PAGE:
“The current cut-out design lives on as classic and signature, it also expresses that we all can find beauty in the imperfection, the unfinished, broken or even unloved.

“One of my customers told us she almost burst into tears when she put on our tank top, because she suddenly realised ‘beauty has always been there inside her own body’. We hope all our customers can understand the core values of the brand, that is inclusivity and the duality of beauty and imperfection.”

A look from the Dion Lee autumn/winter 2021 collection. PHOTO: South China Morning Post 

Sensuality, and how that plays differently for all, is something that Australian fashion designer Dion Lee, known for his laser-sharp tailoring, signature clean-line silhouettes and corsetry, explores too.

“My brand has always celebrated strength in individuality, and an intelligent sensuality delivered through exploring construction, textile manipulation and subversive details in the brand language,” he says.

“From the start of the creative process, I’m designing from that guiding principle rather than a separation of gender.”

Liane Wiggins, head of womenswear buying at luxury online retailer Matches Fashion, says there is new-found power in this celebration of form, and not just one version of it – something she says feels right for now.

A Maison Alaia outfit, available on Net-a-Porter. PHOTO: South China Morning Post 

“Historically, there has always been a trend for embracing fashion following times of uncertainty,” she says.

“It has been exciting to see a celebration of femininity and a move towards a modern interpretation of power dressing.

“Our customers are definitely ready to celebrate the return to socialising and going out again. We are seeing a real uplift in these styles that are closer to the body, fitted and more [sexy] dresses that celebrate the female form.”

Wiggins lists Nensi Dojaka and Maximilian, both part of the retailer’s Innovators programme, as the emerging designers leading the way with this trend, as well as the likes of Rejina Pyo, Jacquemus and Proenza Schouler, “all of which are really embracing this strong, feminine trend we are seeing now”.

Looks from Prada’s spring/summer 2022 show. PHOTO: South China Morning Post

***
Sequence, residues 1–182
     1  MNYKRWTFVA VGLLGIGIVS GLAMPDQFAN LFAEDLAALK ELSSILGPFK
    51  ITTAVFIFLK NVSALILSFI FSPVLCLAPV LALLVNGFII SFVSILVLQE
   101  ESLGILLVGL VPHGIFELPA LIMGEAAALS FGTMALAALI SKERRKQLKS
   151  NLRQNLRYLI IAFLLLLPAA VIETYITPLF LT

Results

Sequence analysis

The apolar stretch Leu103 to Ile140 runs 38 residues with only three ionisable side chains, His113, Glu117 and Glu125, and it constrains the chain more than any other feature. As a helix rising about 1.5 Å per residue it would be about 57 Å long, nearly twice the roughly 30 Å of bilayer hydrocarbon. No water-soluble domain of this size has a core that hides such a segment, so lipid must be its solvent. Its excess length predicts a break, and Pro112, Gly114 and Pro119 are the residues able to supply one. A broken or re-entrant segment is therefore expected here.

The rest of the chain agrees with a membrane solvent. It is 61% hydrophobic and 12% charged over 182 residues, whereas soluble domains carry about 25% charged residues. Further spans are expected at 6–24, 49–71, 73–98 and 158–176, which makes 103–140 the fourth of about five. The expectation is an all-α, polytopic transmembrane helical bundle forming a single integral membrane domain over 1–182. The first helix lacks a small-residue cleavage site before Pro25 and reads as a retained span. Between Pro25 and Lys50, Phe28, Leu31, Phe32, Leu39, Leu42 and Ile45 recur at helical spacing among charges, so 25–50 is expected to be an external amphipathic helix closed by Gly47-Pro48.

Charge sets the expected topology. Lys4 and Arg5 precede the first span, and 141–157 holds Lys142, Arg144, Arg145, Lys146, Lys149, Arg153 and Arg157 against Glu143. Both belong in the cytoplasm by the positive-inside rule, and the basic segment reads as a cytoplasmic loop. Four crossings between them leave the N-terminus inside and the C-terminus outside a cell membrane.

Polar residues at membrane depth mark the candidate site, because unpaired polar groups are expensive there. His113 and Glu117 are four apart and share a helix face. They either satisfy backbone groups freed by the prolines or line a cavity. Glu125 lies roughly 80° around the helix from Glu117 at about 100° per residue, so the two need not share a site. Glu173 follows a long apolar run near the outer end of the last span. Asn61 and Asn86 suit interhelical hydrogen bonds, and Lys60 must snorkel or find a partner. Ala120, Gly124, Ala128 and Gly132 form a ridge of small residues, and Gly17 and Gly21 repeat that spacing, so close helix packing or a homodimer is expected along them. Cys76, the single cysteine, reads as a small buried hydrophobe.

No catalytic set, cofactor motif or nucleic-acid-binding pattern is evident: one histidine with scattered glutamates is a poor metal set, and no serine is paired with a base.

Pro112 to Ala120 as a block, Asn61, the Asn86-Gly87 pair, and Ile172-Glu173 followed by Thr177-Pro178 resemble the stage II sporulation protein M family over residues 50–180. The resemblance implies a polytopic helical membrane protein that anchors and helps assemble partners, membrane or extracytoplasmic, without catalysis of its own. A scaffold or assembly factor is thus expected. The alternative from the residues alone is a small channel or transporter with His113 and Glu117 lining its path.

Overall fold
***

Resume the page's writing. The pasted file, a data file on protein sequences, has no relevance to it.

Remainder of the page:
Meanwhile, the mini-length skirts spotted everywhere this season are something Libby Page, senior market editor at online retailer Net-a-Porter, has been keeping an eye on, especially after so many seasons of the long-reigning midi-length hemline.

“Designers know we are ready to have fun and dress up again, whilst feeling feminine and confident, and they’re channelling this in a multitude of ways, from cut-out body-con dresses by the likes of Khaite and Maximilian to strappy asymmetric dresses from Christopher Esber and Dion Lee,” she says.

“We have also noticed shorter hemlines making a comeback via min skirts with matching jackets seen at Bottega Veneta, as well as mini skirts paired with sheer black tights at Saint Laurent – it’s a fun and surprisingly sexy take on how to style the mini.”

A dress from Lanvin, available on Net-a-Porter. PHOTO: South China Morning Post 

If you’re hesitant to try the trend, Kate Benson, head of buying at The Outnet, says perhaps the most important thing is clocking how you feel in a “sexy” look – whatever that means to you.

“It’s important to feel comfortable in your own skin and embrace a trend how you feel best,” she says.

“Whether that’s wearing a miniskirt, body-con dress or super tight catsuit, you have to feel great in a piece to enjoy the look. This season’s trend has a real dressing-up-box feel to it; think Cabaret – feathers, faux fur, sequins and fringing. Have fun, make it theatrical as well as sexy!”

Figure-hugging looks from Saint Laurent’s spring/summer 2022 show. PHOTO: South China Morning Post 

Often the best part of a night out is the fun in getting dressed up for it and the promise it all holds.

Any romance novelist could tell you that the sexiest thing of all is anticipation – and haven’t we all learned the power of that?

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This article was first published in South China Morning Post.